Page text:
Ugh. I almost didn’t get this week’s cartoon up today, and not because I didn’t have it drawn. I did have it drawn! I drew it on my iPad while I was in DC over Easter weekend visiting Hubster’s family, so this was finished on Sunday. All I needed to do was bring it over to my desktop, add the titles and credits, and then post it. Problem was, ever since we got back yesterday afternoon, I’ve not been able to get a damn thing done. Hubster and both kids are home all week long and they’re completely disrupting my work schedule and driving me CRAZY!
Anyway, last week a friend of mine mentioned he’d love to see a cartoon about gardening while drinking wine, so I came up with this. Note – I do not normally take requests! It’s all I can do to get a cartoon out every week as it is. However, the moment Mark mentioned the idea to me, I knew exactly what to draw.
The greatest hazard of drinking and gardening is not watering the plants with the wine, however. It’s having little helpful hands accidentally dumping compost into my drink when I’m not looking. Take it from me, merlot and manure do not mix well. And no, I do not plan on drawing that. I’m doing my damnedest to bury that particular memory.
A few notes about how I produced this week’s cartoon and last week’s, since some folks have asked. I started both cartoons by outlining the script and panels very quickly in Notes Plus, a productivity/note taking app on my iPad. I can type, hand write, and draw (very roughly, but I can draw) in Notes Plus. I can also keep my notes arranged in various notebooks and label the pages in each notebook to make things easier to find. I’ve started one notebook just for cartoon ideas and I label the ideas by date and/or subject, depending on how quickly I plan to use the ideas.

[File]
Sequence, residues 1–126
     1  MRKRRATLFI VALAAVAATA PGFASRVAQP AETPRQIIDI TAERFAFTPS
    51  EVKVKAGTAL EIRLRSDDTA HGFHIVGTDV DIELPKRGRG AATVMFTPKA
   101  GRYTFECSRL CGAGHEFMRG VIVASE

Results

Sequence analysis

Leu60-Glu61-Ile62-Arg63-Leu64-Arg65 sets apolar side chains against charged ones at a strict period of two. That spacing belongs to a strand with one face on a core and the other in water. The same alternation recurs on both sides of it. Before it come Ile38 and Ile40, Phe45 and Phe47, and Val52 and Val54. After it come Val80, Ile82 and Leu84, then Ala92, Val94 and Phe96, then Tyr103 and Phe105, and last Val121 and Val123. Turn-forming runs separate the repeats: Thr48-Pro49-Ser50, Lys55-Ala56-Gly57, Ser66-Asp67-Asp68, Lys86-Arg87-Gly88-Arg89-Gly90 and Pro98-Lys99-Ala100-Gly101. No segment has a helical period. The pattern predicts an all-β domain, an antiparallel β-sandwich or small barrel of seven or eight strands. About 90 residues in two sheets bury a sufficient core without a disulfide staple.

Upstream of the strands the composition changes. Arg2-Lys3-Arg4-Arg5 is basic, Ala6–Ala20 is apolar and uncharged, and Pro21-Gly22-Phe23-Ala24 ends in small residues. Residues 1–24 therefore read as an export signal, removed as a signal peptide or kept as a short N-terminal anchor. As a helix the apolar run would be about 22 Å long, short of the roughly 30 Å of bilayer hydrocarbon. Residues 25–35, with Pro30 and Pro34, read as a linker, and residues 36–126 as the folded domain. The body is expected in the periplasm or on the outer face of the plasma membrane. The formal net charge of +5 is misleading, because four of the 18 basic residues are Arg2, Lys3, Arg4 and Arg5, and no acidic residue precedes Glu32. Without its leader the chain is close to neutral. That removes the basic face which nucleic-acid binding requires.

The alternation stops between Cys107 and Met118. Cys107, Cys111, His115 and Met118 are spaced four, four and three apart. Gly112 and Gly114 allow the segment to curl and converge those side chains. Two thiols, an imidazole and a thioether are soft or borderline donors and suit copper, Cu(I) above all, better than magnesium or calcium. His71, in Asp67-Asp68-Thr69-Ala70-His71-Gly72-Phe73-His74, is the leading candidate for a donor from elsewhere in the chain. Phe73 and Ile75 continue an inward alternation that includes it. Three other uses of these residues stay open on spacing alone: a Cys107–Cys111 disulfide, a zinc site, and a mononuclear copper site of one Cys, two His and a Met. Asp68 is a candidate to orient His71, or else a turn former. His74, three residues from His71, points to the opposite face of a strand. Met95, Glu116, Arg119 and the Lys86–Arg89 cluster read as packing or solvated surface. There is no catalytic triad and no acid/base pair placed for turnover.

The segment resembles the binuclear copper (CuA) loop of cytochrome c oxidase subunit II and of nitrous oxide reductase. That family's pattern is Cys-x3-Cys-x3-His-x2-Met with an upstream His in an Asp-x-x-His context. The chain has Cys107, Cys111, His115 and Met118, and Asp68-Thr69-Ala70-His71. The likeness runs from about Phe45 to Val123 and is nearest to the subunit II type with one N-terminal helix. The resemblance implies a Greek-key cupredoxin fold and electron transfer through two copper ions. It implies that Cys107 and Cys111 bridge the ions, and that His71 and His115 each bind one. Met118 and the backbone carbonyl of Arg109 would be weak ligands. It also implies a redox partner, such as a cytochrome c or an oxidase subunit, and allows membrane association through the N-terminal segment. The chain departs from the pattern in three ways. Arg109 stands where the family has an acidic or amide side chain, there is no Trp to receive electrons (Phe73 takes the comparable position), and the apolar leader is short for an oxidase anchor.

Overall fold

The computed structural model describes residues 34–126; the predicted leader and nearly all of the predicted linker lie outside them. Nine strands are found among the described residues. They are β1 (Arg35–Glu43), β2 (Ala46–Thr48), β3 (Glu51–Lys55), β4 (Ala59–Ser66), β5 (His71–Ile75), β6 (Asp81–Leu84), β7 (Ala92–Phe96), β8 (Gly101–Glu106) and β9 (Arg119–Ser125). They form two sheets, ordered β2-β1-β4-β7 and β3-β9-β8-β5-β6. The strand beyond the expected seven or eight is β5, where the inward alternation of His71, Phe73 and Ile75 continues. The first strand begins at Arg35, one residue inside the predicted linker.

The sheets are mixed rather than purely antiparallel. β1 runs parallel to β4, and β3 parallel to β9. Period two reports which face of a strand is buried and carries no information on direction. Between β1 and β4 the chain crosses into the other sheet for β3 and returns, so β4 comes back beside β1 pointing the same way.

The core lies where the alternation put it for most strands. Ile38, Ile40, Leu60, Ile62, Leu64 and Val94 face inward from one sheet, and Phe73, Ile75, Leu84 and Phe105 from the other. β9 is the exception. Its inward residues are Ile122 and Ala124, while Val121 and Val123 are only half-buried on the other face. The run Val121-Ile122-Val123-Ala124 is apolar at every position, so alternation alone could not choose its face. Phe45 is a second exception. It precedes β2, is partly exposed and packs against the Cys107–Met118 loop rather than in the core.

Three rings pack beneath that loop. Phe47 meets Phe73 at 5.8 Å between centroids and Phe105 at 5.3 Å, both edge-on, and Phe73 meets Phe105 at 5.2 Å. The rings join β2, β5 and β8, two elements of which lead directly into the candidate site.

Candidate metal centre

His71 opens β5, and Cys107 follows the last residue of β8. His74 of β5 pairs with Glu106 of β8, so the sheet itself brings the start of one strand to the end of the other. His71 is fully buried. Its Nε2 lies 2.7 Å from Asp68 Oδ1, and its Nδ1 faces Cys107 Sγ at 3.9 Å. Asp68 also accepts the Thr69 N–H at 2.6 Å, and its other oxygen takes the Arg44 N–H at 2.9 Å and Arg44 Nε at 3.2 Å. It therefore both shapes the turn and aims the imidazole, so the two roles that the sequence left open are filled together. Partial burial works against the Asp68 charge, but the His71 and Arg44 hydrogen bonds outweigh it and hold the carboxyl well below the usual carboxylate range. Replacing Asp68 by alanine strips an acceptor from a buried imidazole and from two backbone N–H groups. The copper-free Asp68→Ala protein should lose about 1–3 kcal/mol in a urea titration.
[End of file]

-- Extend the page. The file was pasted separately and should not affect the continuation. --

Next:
Once I’ve outlined the ideas, I then hop into SketchBook Pro and start drawing. I sketch each panel with one of the pencil brushes, and export the pencil sketches to my iPad’s photo album as I go. If need be, I can then import the previous panel into the panel I’m working on to check placement, size, etc., of various drawing elements. Once the panels are sketched, I then go back and reopen each panel’s drawing, start a new layer, and begin inking.
Unlike other graphics programs I’ve used to ink my cartoons, Sketchbook Pro does not have a smoothing option, which makes the lines nice and smooth no matter how unsteady my hand is. However, I’ve discovered I don’t really need the smoothing option. I just need to draw fast and trust my hand. Sketchbook Pro responds very quickly, allowing for very fluid strokes, and the pen brush works very nicely. It doesn’t give me as thick a line as the brush pens I use when I draw with real paper and pen, but I still get a nice dark line.
After I ink each panel, I then start a new layer in the first panel (remember, each panel is it’s own file on the iPad) and I paint quick color swatches for each of the elements in the panels. Then I save a copy of the file, open that copy, and delete all the layers except the color swatches layer. With just the color swatches layer in place, I send the image to my iPad photo album. Then I can import that image into each panel to make sure I use the same colors for each element in all the panels.